Gene Regulation: Expression and Definitions

In recent news, there has been a lot of conversation regarding DNA and RNA especially in relationship with the COVID-19 vaccine. What do all of these words mean? Why are they important to me?

Genes are the units of information passed to you from your parents that contain the information necessary for human growth and life. Mammalian genes code information in the form of DNA or deoxyribonucleic acid, which are strands of different nucleotides that code for various elements necessary for your physical traits. Most of these DNA sequences contain codes for proteins. All of your cells contain a copy of all of your genes within the nucleus of the cell, and depending on the location and function of the cell in your body, specific genes are used or expressed so that the cell can carry out a specific function. For example, a cell in your lung may have a specific role in transporting oxygen and carbon dioxide in and out of the body, while a cell on your skin may have a specific sensory role in touching and interacting with the external environment. These cells both contain the exact same genes, but express different ones to serve their specific purpose.

What is Gene Expression?

DNA to RNA to ProteinGene expression is a broad term for the process where information encoded in DNA becomes a specific function. This is most commonly in the form of a specific protein, which through a series of steps within a framework called the central dogma, is created from a unique sequence in your DNA. The central dogma outlines this process, as your body transcribes DNA to RNA and then translates RNA to protein.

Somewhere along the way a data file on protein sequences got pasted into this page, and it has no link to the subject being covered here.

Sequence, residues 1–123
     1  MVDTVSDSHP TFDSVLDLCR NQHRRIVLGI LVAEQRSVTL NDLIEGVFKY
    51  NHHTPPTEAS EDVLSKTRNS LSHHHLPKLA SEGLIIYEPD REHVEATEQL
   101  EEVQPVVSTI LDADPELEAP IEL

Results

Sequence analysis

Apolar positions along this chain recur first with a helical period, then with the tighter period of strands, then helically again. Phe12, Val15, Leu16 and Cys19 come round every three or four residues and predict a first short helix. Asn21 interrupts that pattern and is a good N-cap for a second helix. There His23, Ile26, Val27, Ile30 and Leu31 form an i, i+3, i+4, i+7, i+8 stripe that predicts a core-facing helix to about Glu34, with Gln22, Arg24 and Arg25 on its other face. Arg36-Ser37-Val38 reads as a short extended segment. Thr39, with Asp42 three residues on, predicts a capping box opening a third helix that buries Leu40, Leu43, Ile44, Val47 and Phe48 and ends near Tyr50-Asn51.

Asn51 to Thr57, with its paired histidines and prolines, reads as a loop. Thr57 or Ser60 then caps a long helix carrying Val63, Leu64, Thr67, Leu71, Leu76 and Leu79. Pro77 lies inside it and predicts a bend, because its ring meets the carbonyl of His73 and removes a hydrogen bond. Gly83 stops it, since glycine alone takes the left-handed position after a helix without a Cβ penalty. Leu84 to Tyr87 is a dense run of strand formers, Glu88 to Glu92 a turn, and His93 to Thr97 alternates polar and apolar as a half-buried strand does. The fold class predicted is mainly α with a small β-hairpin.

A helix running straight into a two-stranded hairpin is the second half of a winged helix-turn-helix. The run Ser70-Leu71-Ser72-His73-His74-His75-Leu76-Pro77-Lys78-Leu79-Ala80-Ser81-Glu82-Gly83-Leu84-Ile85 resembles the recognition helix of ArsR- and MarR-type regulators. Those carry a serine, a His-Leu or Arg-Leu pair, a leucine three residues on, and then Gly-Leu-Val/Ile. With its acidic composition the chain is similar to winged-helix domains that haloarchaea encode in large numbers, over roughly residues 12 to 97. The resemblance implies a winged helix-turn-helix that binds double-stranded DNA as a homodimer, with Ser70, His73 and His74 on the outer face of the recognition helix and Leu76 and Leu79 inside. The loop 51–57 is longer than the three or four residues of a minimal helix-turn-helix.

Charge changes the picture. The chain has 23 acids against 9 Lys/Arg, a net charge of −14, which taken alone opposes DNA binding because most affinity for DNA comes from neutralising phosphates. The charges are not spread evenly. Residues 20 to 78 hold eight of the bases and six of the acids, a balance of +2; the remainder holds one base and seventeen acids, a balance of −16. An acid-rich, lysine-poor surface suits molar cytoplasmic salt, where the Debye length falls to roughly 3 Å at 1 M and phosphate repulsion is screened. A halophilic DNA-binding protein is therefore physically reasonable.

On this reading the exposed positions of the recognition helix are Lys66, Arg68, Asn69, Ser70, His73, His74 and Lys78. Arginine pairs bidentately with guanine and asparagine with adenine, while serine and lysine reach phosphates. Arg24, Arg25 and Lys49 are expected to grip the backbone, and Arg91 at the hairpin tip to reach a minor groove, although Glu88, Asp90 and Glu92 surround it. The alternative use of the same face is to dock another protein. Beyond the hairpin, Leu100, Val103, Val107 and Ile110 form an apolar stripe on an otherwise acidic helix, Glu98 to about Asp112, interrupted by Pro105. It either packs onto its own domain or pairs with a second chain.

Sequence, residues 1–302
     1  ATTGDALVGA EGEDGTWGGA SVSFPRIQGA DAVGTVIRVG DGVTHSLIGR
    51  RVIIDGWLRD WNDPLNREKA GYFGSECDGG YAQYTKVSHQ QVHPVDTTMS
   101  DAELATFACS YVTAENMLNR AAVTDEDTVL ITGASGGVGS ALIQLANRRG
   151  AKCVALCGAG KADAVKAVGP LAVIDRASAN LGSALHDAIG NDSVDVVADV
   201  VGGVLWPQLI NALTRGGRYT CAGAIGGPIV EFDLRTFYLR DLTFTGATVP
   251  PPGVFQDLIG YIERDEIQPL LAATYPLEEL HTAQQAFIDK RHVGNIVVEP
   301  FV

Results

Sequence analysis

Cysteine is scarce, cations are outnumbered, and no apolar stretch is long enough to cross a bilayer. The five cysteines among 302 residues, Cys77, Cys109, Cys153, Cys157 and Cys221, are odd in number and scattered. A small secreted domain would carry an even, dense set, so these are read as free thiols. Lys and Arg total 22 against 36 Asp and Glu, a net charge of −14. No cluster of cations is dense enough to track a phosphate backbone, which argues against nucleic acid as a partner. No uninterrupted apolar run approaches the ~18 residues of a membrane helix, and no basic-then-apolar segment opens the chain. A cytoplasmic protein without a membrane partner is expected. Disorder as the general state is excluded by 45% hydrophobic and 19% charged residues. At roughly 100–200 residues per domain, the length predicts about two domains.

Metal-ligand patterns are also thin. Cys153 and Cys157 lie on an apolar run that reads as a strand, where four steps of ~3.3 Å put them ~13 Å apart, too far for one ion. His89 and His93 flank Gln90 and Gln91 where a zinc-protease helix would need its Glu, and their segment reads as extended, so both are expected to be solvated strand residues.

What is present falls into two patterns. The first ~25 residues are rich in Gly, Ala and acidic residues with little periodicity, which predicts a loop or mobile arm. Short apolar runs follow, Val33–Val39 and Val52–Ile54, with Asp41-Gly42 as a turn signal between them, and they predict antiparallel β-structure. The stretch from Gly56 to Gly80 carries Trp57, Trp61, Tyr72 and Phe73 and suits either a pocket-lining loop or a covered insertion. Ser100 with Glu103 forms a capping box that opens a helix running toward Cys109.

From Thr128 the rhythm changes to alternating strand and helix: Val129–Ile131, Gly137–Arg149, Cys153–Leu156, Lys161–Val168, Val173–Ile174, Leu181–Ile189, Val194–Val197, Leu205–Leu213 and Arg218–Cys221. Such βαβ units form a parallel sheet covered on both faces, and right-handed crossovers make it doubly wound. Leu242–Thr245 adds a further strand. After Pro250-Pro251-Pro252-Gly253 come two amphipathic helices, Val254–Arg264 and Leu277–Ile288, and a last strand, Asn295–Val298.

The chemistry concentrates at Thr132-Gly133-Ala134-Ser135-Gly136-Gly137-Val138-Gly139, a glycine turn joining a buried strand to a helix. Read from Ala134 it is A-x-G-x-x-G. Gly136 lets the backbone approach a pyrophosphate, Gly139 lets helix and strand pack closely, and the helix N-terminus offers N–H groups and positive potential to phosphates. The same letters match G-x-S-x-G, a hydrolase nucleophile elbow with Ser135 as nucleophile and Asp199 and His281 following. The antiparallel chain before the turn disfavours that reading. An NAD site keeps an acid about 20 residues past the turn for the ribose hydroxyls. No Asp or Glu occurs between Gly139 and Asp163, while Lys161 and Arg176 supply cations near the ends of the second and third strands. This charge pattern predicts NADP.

Real World Example: Rhodopsin and Eye Cells

One example of how DNA leads to a function is the presence of the protein rhodopsin in specialized cells in your eye called rod cells. In your eye there are many cells that help with processing light so that you can see, and many are present in the retina, the structure inside of the eye that captures light and helps turn this information into images that you can see. Rod cells are part of the retina and express a protein called rhodopsin which is crucial in allowing us to see in dim light. Without gene expression, we would not have this function of our eye that is essential in everyday life.

Real World Example: Vaccines


Vaccines are useful because they use the cells protein building machinery to create spike proteins that resemble the COVID-19 virus. This allows the body to create antibodies against COVID-19, which are the cells that help us fight infection. Vaccines target the translational step of the central dogma and introduce RNA into the body that interact with protein creating structures within the cells. This is a safe and effective way to boost your immunity to a specific virus!


What is Gene Regulation and Expression?


Gene regulation is the process that controls and changes what genes are expressed, often in response to changes in the external environment or signals from other cells. Genes can be regulated by making it difficult to transcribe DNA (our first step in the central dogma) which decreases gene expression or altering the final protein product so that it only functions in a specific setting. Though this is a complex topic, the main idea is that there are many mechanisms available to a cell that allow it to modulate its function through regulation of gene expression in response to its current environment and needs.

Real World Example: the Liver

Our liver is one of our most powerful organs, as it functions to detoxify the body from harmful substances. The liver does this through many enzymes which are protein structures that in this context break down these substances so that they can be excreted as waste. For the liver to remain healthy, it cannot constantly produce all of the enzymes necessary for all of the various toxins that could enter the body. Therefore, gene regulation allows for specific enzymes to be produced in response to the presence of a toxin rather than the liver be over worked. This is also important in understanding specific liver diseases, as they can result from the liver being overused in response to repeated exposure to various toxins.

Gene regulation and expression is essential to our daily lives!!





Author: Sydni Britton



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